• Mark Shuttleworth Now Plans To Restore Ubuntu’s Community Council

          Back on Friday there was Mark Shuttleworth’s comments following some friction within the Ubuntu community and uncertainty over roles. After thinking about it over the weekend, he has decided to go ahead and work to reinstate the Ubuntu Community Council.

          While the Ubuntu Community Council previously faded away and there are differing views over the motivation of the participants, there has been some renewed interest in having the Community Council around. When running years ago, the Community Council formed the principal community governance body for the Ubuntu project. Members historically were appointed by Mark Shuttleworth and approved by the Ubuntu members. They would meet bi-weekly on IRC to discuss and act on matters.

    • Devices/Embedded

    • Free, Libre, and Open Source Software

      • The open-source community dumps the swag bag in favor of supporting STEM education

        Guagenti and Janet Matsuda (pictured, left), chief marketing officer at Sysdig, spoke with theCUBE for a Women in Tech special feature on the KubeCon for Good initiative to reward attendance with donations instead of “stuff.”

      • Web Browsers

        • Mozilla

          • India’s ambitious non personal data report should put privacy first, for both individuals and communities

            After over a year’s deliberation, the Kris Gopalakrishnan Committee released its draft report on non-personal data regulation in India last month. The report is one of the first comprehensive articulations of how non-personal data should be regulated by any country and breaks new ground in interesting ways. While seemingly well intentioned, many of the reports recommendations leave much to be desired in both clarity and feasibility of implementation. In Mozilla’s response to the public consultation, we have argued for a consultative and rights respecting approach to non-personal data regulation that benefits communities, individuals and businesses alike while upholding their privacy and autonomy.

            We welcome the consultation, and believe the concept of non-personal data will benefit from a robust public discussion. Such a process is essential to creating a rights-respecting law compatible with the Indian Constitution and its fundamental rights of equality, liberty and privacy.

      • Programming/Development

        • Erlang Is Seeing Work On “BeamAsm” – A JIT Compiler Yielding Much Performance Uplift

          Lukas Larsson of Erlang Solutions is proposing “BeamAsm” as a JIT compiler for the Erlang virtual machine.

          Erlang/OTP could soon be the latest programming language featuring a just-in-time compiler. With BeamAsm, Erlang instructions are turned into native code on x86-64 making use of ASMJIT. While at the moment only x86-64 is working, support for ARM 64-bit is also in the works.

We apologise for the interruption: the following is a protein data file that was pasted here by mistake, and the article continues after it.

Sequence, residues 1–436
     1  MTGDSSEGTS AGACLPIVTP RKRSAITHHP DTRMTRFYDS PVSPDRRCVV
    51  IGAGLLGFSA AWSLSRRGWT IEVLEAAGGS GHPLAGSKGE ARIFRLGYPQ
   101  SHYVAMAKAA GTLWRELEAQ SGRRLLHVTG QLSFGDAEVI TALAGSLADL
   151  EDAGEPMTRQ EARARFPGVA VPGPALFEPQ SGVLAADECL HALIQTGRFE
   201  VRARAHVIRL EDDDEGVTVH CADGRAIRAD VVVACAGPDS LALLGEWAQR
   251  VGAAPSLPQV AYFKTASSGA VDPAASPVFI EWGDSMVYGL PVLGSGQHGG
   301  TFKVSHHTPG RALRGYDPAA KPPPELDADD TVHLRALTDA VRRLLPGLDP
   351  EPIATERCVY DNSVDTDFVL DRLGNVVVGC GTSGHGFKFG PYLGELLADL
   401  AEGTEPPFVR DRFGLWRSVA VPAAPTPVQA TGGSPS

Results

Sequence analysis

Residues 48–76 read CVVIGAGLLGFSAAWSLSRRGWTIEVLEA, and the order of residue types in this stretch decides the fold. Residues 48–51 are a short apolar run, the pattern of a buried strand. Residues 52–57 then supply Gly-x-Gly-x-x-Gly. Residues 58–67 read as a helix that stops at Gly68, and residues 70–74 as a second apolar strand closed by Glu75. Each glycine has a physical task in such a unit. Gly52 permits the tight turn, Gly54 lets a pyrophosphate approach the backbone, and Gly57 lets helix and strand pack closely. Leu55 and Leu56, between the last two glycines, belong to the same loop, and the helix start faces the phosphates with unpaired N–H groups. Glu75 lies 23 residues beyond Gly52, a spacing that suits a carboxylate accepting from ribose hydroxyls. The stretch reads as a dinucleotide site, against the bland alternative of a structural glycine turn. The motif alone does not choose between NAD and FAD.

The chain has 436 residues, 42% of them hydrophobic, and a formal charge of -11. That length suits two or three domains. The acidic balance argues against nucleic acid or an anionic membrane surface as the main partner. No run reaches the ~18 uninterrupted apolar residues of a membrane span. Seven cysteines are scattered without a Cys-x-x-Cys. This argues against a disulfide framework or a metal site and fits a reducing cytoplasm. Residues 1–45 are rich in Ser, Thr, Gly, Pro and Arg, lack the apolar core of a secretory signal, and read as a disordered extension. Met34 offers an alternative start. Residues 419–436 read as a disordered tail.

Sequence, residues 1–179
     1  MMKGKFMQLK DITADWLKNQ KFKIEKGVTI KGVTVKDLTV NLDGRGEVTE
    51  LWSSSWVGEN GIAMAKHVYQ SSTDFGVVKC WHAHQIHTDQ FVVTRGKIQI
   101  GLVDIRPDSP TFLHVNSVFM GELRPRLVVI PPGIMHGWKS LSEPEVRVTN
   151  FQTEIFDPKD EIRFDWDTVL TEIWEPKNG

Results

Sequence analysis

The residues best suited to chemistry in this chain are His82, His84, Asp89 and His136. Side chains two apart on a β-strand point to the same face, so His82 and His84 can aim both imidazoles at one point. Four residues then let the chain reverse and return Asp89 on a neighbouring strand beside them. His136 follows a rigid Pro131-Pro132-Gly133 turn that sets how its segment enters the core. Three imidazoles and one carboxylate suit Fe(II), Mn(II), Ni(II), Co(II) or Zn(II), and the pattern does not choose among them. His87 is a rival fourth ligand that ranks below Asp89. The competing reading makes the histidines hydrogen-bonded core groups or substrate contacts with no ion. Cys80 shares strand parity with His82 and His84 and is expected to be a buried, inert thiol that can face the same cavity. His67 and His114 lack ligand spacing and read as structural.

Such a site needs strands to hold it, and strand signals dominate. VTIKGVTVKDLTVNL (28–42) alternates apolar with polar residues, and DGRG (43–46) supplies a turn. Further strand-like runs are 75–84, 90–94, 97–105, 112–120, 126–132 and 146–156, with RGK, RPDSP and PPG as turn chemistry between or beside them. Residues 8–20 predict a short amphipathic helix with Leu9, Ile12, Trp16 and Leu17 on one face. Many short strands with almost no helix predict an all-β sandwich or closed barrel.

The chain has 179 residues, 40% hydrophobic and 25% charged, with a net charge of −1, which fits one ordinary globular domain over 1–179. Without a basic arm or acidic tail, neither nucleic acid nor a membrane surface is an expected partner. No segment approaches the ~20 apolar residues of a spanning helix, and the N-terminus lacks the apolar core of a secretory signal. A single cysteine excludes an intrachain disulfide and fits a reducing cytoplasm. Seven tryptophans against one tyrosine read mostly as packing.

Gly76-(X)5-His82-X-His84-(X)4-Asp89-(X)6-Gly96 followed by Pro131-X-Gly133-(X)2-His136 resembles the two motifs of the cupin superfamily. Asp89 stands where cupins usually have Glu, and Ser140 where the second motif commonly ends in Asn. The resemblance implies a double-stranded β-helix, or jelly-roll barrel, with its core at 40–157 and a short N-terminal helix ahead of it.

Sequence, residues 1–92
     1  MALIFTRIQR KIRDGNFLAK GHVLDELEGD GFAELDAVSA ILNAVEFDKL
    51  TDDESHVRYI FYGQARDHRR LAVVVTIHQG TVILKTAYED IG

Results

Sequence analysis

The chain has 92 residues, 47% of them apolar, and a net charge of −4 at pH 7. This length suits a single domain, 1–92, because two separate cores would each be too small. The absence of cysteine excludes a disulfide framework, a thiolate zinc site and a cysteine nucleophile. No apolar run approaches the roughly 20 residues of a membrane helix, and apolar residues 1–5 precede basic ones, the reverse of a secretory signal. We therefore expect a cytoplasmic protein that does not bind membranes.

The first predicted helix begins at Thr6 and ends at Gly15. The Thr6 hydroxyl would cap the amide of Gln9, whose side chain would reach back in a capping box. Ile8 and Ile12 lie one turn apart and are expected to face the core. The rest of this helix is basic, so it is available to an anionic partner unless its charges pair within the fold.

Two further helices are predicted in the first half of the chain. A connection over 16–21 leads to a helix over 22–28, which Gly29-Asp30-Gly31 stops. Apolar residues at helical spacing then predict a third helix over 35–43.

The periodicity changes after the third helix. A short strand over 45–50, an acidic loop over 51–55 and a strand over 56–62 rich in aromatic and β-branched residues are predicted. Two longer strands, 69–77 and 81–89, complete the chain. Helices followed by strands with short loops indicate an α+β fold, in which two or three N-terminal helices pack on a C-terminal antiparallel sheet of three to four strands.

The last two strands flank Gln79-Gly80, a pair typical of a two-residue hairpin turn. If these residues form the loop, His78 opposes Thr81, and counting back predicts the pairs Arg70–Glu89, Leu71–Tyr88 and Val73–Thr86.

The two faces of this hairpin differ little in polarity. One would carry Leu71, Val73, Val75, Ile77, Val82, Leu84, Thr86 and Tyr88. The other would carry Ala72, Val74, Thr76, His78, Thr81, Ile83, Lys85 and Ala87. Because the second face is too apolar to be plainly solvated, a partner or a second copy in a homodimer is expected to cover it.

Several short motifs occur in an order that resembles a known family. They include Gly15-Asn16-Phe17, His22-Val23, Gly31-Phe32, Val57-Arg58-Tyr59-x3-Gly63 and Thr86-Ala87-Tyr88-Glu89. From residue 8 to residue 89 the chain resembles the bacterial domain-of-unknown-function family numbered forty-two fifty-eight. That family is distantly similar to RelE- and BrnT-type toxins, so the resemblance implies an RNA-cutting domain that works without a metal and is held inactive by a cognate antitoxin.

• Logic makes me hungry

          A nicety of Erlang is one can do away with the classical true/false logic in your program flow. This usually takes the form of if statements in other languages. When I have zero will-power, I have noticed it’s this brand of logic that piles up quickly and wears me out.

          So, how do we control the flow of a program then? In Erlang we tend to eschew decisions and hand them off to other functions that will deal with the particulars. This is where pattern matching comes in. Humans are amazing at pattern matching. We are pretty good at logic, too, but if you have ever noticed a subway-car full of ‘Candy-Crush’ playing commuters, you will tend to agree with me.

        • Static Site Generators Revisited

          I’ve really enjoyed learning Jekyll and how it all fits together. I really like the simplicity of it, but I think that simplicity is due to the fact that Dad’s Notebook is a really simple site. A blog, about and contact pages, that’s it.

          If I were to start implementing a lot of the more complicated features of this site, such as comments, a newsletter and some IndieWeb goodness, I think managing the site with Jekyll would become a lot of work.

          I’m going to stick with WordPress for this site, but never say never. Having a simple site like Dad’s Notebook on Jekyll is fun, and it adds an interesting dimension to producing content, but I think moving a bigger, more complicated site like this would be too much like hard work.

        • mlocate slowness

          That is just changing mbsstr to strstr. Which I guess causes trouble for EUC_JP locales or something? But guys, scanning linearly through millions of entries is sort of outdated :-(

        • Perl/Raku

          • Russ Allbery: PGP::Sign 1.03

            Part of the continuing saga to clean up CPAN testing failures with this module. Test reports uncovered a tighter version dependency for the flags I was using for GnuPG v2 (2.1.23) and a version dependency for GnuPG v1 (1.4.20). As with the previous release, I’m now skipping tests if the version is too old, since this makes the CPAN test results more useful to me.

            I also took advantage of this release to push the Debian packaging to Salsa (and the upstream branch as well since it’s easier) and update the package metadata, as well as add an upstream metadata file since interest in that in Debian appears to have picked up again.